|Bridge Name:||Pomparles Bridge|
|Engineer:||Designed by Edward Stead, when he was Assistant County Surveyor|
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|Reinforced concrete arch bridge. Copings, stringcourses and quoins are of ashlar masonry with the remainder of the masonry rock faced. The end of the concrete deck is exposed in elevation. Carries the A39.
References to the bridge occur as early as the 13th century. Leyland described it as a ” Bridge of stone of 4 arches communely caullid Pontperlus, wher men fable the Arthur cast in his Swerd.” Phelps in his History of Somerset gives an illustration of the bridge which existed before the rebuilding in 1826. From this it appears that the bridge had 2 arches, one semicircular in shape, the other apointed arch, possibly built in the 15th century. During excavations for a new bridge in 1912, the remains of second round arch were found to the South. It was regarded as C12 work. Parapet inscription: S.C.C. (Somerset County Council) “PON PERILIS” built 1912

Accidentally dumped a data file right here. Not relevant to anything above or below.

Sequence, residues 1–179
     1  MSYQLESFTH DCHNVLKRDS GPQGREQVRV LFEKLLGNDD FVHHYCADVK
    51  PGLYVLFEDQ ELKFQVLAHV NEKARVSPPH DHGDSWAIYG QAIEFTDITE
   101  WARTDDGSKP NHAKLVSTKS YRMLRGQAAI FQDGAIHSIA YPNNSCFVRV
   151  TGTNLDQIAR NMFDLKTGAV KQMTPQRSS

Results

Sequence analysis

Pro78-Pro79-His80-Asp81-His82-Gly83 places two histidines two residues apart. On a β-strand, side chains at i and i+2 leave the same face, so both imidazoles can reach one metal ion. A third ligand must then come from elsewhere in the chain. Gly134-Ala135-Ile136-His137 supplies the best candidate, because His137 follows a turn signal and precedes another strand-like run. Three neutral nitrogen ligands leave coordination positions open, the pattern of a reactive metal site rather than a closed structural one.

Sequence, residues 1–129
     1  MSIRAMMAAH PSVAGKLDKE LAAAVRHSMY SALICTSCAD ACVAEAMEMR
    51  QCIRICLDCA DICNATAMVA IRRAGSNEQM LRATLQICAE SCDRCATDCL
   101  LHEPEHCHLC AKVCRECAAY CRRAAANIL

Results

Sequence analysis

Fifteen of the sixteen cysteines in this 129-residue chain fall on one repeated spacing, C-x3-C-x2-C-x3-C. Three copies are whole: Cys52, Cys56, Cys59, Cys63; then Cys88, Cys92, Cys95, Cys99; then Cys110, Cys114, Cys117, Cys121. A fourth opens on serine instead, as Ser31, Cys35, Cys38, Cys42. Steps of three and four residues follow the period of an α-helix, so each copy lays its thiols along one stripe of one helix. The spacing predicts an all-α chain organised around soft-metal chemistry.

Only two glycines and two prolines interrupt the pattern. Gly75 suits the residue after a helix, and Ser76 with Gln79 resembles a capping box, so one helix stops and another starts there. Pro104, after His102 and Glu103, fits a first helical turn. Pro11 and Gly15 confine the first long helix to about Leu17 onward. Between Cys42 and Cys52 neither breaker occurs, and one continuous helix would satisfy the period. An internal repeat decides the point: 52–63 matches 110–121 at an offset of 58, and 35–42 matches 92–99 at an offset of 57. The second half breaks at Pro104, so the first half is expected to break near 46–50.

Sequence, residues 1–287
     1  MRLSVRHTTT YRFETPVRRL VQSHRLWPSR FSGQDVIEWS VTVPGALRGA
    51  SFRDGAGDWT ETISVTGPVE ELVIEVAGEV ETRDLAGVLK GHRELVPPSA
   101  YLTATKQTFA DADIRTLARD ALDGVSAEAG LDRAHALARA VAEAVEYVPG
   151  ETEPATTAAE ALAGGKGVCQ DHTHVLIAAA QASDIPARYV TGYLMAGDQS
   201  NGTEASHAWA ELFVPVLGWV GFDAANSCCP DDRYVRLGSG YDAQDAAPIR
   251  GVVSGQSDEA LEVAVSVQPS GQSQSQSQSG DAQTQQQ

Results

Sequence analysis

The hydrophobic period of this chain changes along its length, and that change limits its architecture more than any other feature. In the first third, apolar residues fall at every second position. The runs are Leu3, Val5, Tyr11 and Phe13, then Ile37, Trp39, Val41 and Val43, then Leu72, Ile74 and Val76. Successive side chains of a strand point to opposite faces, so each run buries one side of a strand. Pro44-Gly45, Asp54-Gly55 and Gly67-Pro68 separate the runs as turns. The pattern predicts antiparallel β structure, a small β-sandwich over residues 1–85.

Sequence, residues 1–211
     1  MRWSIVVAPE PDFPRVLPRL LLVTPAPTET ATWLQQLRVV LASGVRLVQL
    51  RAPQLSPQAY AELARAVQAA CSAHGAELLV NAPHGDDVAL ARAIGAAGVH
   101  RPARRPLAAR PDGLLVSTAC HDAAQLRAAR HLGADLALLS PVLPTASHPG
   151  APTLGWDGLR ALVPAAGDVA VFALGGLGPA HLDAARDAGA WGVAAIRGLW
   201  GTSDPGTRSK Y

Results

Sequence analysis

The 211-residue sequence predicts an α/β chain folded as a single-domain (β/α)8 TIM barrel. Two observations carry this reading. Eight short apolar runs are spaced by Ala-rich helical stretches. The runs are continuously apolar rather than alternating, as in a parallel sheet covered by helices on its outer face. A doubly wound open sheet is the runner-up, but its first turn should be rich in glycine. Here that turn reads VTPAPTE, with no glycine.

For a connection with King Arthur see Arthur, Avalon and the Bridge Perilous
The old bridge, the predecessor of the medieval stone bridge, was referred to in documents of 1163, but may have been pre-Conquest in origin. The excavations which located the pre-Conquest causeway north of Street also encountered heavy oak timbers which might be part of the structure of this bridge. However, a 10th century charter appears to refer to a stone bridge carrying this road (Costen, 1992).The bridge is mentioned in 1502 as Street Bridge;3
|References:||The Ancient Bridges of the South of England by Jervoise
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Somerset Roads The Legacy of the Turnpikes Phase 2 – Eastern Somerset J B Bentley & B J Murless.
3.Somerset Extensive Urban Survey – Glastonbury Archaeological Assessment